Urban Designer, Barton Willmore, Bristol, UK. Completed Master of Urban Design. 2014
What is your professional background?
After graduating in November 2014, I was open to opportunity. I did several interviews, via Skype, for jobs both on the East coast of Australia and overseas (preferring the dress code of online interviews).
I was offered a job at Barton Willmore, a leading UK planning and design consultancy, in their Bristol office beginning April, 2015. The size of the practice and the project work they showcased, drew me to the position. I’ve been employed as an Urban Designer at Barton Willmore now for just over three years, in a team of fifteen. I also interned at RobertsDay before flying out to the UK.
Why did you decide to study urban design at AUDRC?
In true cliché, I travelled to Europe following my undergraduate degree and was inspired by the great cities. On my return, a bit of research, lead me to AUDRC where I met with Dr. Bolleter, who excited me about studying urban design.
How has studying urban design at AUDRC enriched your practice?
The structure of my learning at AUDRC was about developing a research-based methodology and narrative to design, which has driven my approach to practising. This was borne through the process of my two years at AUDRC, beginning with; ‘what is urban design anyways?’ and; ‘who is Kevin Lynch?’, This culminated in the writing of my thesis, which sought to investigate how Fremantle might strategise its urban form against the threat of sea level rise and create a more inviting, resilient and liveable coastline. Additionally, I was given a handle on technical skills that allowed me to contribute immediately as a new member of our design team. View Gareth's Master of Urban Design thesis here.
What inspires you? Professionally and/or personally?
Professionally, I’m inspired by people and projects that aim to progress design thinking. Historically, the planning of cities has been very reactive to technology's advances: Today, there is a growing ambition to harness technology in the pursuit of developing more sustainable living, this is particularly exciting.
Maintaining the cliché, I’m also inspired by travel - by discovering how urban design has influenced what makes the great places we visit, so special. Sometimes, it's something that has been with us for centuries, but other times it's a radical intervention, like the boulevards of Paris leading towards the Arc.
Can you talk about a specific project or projects of interest that you worked on?
We’re currently working on an exciting high profile redevelopment site (Newbridge Point) in Poole, Dorset, to provide up to 850 homes and other uses on reclaimed land of a former power station (approx.13ha). This site is set within Holes Bay, the world's second largest natural harbour (after Sydney Harbour). I was pleased to be invited to work on this project as there were parallels to be drawn from my thesis work, including sea level rise management, a sensitive ecological context, and nearby historic assets.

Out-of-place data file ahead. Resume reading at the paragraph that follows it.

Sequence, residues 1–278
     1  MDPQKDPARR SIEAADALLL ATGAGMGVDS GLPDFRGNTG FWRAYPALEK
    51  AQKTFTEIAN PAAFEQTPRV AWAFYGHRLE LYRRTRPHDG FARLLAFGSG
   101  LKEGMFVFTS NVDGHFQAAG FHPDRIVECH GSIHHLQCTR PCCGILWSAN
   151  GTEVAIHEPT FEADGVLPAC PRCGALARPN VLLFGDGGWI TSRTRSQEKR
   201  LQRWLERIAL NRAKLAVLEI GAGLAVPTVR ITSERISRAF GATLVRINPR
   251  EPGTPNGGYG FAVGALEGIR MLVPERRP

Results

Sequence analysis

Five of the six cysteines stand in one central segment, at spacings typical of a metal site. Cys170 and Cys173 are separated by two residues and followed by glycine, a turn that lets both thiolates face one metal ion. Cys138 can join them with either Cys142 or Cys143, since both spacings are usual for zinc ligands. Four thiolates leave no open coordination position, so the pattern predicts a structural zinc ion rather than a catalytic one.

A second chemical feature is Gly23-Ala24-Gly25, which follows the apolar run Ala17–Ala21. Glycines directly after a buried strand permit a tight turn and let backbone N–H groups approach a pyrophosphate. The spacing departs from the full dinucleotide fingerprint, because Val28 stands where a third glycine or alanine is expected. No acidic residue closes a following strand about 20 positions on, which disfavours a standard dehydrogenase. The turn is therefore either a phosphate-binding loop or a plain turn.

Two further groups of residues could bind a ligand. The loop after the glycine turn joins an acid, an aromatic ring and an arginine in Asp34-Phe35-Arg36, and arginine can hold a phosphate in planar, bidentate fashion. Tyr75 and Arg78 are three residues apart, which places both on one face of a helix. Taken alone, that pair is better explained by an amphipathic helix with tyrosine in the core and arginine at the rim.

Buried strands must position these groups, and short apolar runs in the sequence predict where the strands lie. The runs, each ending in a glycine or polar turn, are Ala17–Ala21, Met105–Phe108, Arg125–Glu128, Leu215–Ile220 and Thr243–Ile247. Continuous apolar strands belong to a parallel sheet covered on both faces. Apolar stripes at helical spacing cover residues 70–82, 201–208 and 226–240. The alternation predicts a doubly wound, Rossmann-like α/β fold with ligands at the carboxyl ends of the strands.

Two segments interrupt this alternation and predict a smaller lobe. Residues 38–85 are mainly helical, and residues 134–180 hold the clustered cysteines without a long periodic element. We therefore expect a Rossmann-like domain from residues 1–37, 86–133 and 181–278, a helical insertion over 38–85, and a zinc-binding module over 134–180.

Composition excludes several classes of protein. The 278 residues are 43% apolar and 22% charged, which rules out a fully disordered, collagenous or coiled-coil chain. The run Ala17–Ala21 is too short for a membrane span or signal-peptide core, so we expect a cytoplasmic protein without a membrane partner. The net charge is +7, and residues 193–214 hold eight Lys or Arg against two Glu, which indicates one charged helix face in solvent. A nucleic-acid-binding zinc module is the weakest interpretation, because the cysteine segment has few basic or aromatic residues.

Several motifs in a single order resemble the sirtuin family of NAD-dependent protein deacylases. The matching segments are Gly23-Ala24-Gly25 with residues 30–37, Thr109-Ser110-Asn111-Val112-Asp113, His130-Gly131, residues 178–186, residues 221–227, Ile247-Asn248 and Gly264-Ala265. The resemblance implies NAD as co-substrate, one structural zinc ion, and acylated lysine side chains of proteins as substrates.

I’m also part of a small team within our office that works to demonstrate the need and the opportunities for higher density development in Bristol, a politically and socially dividing issue. Whilst the idea of urban intensification is generally supported due to rising housing prices, the reality is, that Bristol’s infrastructure is arguably not able to manage it, boasting the title of the ‘most traffic-congested city in the country’, including London. Our investigation aims to identify where and how you might create distinctive, sustainable, higher density neighbourhoods, and importantly, conceiving how they could be delivered. Culturally, taller buildings are regarded as too invasive a solution given the city's historic townscape, while acquisition of larger areas of land for significant intervention is not easily accomplished.
From all of your professional and academic practice what is your definition of Urban Design?
That's a tough one... I think Urban Design is the collaborative process of shaping public life, influenced by an understanding of specific contexts and rooted in the ambition of creating meaningful places.
Anything to add?
I'd like to add my sincere thanks to all the staff at AUDRC, but in particular, to Dr. Julian Bolleter and Dr. Anthony Duckworth-Smith, of whom were incredibly supportive, and also pretty good musicians... The learning environment of the office/campus was so conducive to developing free-thinking designers and I look back at my time there extremely fondly.
ABOVE: Master of Urban Design Thesis. 2014. Responding to Sea Level Rise in Fremantle, Western Australia. In this century, sea level rise threatens to flood Fremantle’s historic core. This thesis answers the question, how should its urban form strategise against this problem?
ABOVE: Newbridge Point, Poole, 850-home mixed-use scheme proposal. Quayside Visualisation. BELOW: Newbridge Point Masterplan and Site Location.
Join other postgraduate professionals for an exciting and rewarding opportunity to study in the dynamic and contemporary field of Urban Design. AUDRC offers a Graduate Certificate, Graduate Diploma, and Masters in Urban Design, with units often delivered after-hours to accommodate full time work and other commitments.
To learn more about the program CLICK HERE